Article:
In the end, it all came down to this: all that was missing for the New England Patriots against the Tennessee Titans was one successful offensive drive in the second half. Had they taken the lead either through a field goal or touchdown at one point, the whole complexity and result of the game might have changed. However, the Patriots failed to do it and ultimately saw their season end with a final score of 20-13 in Tennessee’s favor.
Saturday night can therefore be seen as a microcosm of the Patriots’ season: the defense played well enough to win, but the offense struggled to serve as a complementary piece. The unit definitely had its fair share of chances to do that, but came up short in the end. Whether it was three straight unsuccessful goal-line rushing attempts, a penalty to negate a long third down conversion, or untimely drops, the offensive execution was not up to par.
“This is a game where we came up a little bit short, had our opportunities. Obviously a close game but just couldn’t make enough plays tonight” said head coach Bill Belichick about the performance during his postgame press conference. “We gave up 14 points tonight but in this game, it was too much. We weren’t able to get the ball back at the end. There were a lot of good things, but just not quite good enough tonight and that’s what it was.”
The good things Belichick mentioned looked a lot like they did all year long, or at least for consistent stretches at one point. New England, for example, played a strong game against the pass and surrendered only 71 net yards through the air while eliminating Tennessee’s vaunted big-play attack and play-action game. Led by All-Pro cornerback Stephon Gilmore, the Patriots’ pass defense made life hard for quarterback Ryan Tannehill from start to finish.
Furthermore, the team ran the football well. While this was not always the case during the season in large parts due to some inconsistent blocking up front, the Patriots’ ground attack developed well over the second half of the season and with starting left tackle Isaiah Wynn back in the lineup after a temporary stint on injured reserve. Against the Titans, New England averaged 4.5 yards per carry on 22 attempts and also scored a touchdown.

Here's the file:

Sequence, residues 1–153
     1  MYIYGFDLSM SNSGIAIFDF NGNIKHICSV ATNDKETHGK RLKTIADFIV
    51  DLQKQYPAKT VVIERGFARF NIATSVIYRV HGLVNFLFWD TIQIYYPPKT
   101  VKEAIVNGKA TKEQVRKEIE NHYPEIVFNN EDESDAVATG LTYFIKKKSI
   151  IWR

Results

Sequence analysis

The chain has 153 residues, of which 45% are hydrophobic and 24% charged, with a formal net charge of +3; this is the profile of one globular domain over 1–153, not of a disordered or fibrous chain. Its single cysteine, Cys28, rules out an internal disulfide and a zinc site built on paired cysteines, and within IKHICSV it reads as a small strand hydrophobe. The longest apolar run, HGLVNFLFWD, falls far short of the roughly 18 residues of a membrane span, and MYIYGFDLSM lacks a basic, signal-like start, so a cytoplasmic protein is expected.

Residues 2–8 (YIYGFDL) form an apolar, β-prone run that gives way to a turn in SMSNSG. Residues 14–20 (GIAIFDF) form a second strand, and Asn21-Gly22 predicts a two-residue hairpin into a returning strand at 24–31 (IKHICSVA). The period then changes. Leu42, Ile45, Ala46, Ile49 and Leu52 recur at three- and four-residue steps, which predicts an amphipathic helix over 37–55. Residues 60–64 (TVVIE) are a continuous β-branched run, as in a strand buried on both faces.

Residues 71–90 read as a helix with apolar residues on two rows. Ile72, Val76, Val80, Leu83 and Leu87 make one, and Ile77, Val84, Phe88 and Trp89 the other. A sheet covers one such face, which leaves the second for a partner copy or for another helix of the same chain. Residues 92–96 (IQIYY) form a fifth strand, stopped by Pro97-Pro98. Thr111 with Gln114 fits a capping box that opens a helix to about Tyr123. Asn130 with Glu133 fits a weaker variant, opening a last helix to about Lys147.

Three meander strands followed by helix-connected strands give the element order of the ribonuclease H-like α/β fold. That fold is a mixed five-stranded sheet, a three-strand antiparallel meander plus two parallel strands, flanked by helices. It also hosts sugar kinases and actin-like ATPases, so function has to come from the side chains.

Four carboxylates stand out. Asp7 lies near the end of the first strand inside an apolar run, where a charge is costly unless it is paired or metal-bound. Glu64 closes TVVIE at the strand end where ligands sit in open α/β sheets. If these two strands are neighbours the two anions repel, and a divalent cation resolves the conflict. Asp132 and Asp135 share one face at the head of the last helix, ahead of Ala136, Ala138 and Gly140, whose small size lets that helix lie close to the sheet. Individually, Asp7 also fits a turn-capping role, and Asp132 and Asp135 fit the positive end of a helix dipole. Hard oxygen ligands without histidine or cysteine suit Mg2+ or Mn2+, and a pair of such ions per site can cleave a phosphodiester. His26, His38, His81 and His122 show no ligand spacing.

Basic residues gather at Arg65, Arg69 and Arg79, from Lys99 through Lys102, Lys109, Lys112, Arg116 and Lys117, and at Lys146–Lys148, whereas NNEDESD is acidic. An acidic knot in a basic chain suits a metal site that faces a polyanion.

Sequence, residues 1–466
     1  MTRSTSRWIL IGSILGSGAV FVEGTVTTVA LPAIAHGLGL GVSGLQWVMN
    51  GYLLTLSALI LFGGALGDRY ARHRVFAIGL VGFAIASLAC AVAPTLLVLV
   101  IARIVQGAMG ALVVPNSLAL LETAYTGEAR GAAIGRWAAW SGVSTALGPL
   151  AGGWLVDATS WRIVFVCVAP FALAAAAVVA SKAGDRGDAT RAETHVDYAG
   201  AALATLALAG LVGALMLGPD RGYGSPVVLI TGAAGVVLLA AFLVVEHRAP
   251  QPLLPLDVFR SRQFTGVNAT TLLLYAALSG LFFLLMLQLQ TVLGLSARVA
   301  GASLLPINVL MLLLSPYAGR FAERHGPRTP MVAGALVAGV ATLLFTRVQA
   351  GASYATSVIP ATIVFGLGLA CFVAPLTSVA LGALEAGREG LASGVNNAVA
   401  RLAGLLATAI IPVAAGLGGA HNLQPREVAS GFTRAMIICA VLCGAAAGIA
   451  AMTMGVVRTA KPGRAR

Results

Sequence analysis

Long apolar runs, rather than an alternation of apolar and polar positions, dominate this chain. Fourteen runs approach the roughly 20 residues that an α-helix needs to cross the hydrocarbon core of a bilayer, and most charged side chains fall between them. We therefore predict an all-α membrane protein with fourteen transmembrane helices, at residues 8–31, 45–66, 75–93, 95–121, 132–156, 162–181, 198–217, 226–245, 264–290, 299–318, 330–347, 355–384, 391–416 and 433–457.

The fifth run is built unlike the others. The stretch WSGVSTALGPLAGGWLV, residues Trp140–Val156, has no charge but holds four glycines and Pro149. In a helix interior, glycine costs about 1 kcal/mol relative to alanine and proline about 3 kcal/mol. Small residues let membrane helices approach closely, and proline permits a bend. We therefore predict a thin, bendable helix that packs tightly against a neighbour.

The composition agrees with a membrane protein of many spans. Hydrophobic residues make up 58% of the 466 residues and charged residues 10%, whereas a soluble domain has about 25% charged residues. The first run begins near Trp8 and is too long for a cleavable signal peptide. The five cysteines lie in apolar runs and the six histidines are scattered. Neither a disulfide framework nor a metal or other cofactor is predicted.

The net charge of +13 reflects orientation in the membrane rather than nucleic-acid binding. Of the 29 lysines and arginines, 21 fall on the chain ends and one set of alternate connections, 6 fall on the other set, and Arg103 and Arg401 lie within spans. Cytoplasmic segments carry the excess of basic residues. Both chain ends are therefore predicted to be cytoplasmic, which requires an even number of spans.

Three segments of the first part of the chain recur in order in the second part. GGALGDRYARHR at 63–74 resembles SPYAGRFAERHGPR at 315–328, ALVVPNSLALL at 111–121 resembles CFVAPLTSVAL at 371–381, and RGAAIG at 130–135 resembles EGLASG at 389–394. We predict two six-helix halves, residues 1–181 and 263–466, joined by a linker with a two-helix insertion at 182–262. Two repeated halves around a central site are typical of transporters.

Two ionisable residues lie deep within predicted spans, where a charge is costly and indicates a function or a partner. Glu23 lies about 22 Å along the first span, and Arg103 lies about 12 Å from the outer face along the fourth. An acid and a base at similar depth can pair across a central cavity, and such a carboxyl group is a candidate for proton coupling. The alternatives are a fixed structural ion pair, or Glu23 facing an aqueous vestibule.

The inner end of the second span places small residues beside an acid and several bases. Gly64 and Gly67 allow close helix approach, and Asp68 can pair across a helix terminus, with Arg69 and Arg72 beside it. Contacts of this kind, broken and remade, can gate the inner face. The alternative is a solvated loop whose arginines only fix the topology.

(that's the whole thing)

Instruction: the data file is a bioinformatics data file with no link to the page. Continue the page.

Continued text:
The bad, on the other hand, also reared its head after doing so regularly during the regular season — and the running game is part of it as well. After all and as noted above, the Patriots were unable to punch the football into the end zone on three consecutive plays at the end of the second quarter. Tennessee’s goal-line stand was a turning point in the game, and it happened because New England felt to successfully win at the point of attack.
The offense also had its familiar issues moving the football through the air. While the easy narrative is to pin this on quarterback Tom Brady, he was far from the biggest problem on Saturday and showed that he can still play potentially winning football. Yes, his pick-six and 59.4 passer rating against the Titans do not look good but the numbers also do not do him any justice. Brady was just not able to do much with the hand that has been dealt.
The offensive supporting cast — especially at the receiving positions — simply failed to make enough plays to help the unit move the football down the field on a consistent basis. Even though the Patriots looked good in the first half, they failed to keep up and eventually collapsed in the second: New England had just two offensive plays in Tennessee’s half of the field during the last 30 minutes, and they came after an interception by Duron Harmon.
The Patriots’ run defense also has to be mentioned here — especially considering that it had bad games earlier during the season against the Buffalo Bills, Cleveland Browns and Baltimore Ravens — even though it appeared that much of it was by design: New England entered the game with a plan to try and eliminate the big-play potential of Tennessee’s offense. Investing in this area eventually led to the run defense being exposed.
That being said, while the Patriots were able to limit the Titans’ production on the ground in the second half, they still allowed them to burn considerable time off the clock in the fourth quarter and stay in control of the game’s tempo. When a stop was needed, the unit failed to deliver at least quickly enough. This inconsistency in combination with the offense’s inability to sustain a rhythm in the second half ultimately doomed New England.
“They made some key plays in critical situations, in the red area, on third down. All those plays were probably the difference in the game [...] We just didn’t make enough plays. We had some opportunities and just weren’t able to score enough points. 13 wasn’t enough,” said Belichick after the game — one that therefore ended in familiar fashion, with the defense playing mostly solid but the offense being unable to keep up.
The entire 2019 season went like that for the Patriots, and in the end it caught up with them.